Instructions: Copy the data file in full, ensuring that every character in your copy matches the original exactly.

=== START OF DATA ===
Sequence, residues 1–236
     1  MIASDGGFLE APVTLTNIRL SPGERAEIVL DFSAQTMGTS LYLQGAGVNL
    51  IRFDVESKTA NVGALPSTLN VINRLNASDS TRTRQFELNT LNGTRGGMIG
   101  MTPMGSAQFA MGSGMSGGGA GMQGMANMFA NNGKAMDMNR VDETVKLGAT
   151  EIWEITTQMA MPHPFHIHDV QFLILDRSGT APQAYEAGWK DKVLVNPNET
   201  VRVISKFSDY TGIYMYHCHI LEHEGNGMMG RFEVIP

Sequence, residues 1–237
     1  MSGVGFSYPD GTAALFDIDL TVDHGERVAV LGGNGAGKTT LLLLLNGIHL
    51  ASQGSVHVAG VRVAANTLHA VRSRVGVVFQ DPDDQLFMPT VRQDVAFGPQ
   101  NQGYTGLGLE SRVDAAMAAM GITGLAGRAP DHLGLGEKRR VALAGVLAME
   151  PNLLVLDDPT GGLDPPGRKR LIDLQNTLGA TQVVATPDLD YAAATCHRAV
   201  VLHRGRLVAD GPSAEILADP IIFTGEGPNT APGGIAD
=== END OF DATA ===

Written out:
Sequence, residues 1–236
     1  MIASDGGFLE APVTLTNIRL SPGERAEIVL DFSAQTMGTS LYLQGAGVNL
    51  IRFDVESKTA NVGALPSTLN VINRLNASDS TRTRQFELNT LNGTRGGMIG
   101  MTPMGSAQFA MGSGMSGGGA GMQGMANMFA NNGKAMDMNR VDETVKLGAT
   151  EIWEITTQMA MPHPFHIHDV QFLILDRSGT APQAYEAGWK DKVLVNPNET
   201  VRVISKFSDY TGIYMYHCHI LEHEGNGMMG RFEVIP

Sequence, residues 1–237
     1  MSGVGFSYPD GTAALFDIDL TVDHGERVAV LGGNGAGKTT LLLLLNGIHL
    51  ASQGSVHVAG VRVAANTLHA VRSRVGVVFQ DPDDQLFMPT VRQDVAFGPQ
   101  NQGYTGLGLE SRVDAAMAAM GITGLAGRAP DHLGLGEKRR VALAGVLAME
   151  PNLLVLDDPT GGLDPPGRKR LIDLQNTLGA TQVVATPDLD YAAATCHRAV
   201  VLHRGRLVAD GPSAEILADP IIFTGEGPNT APGGIAD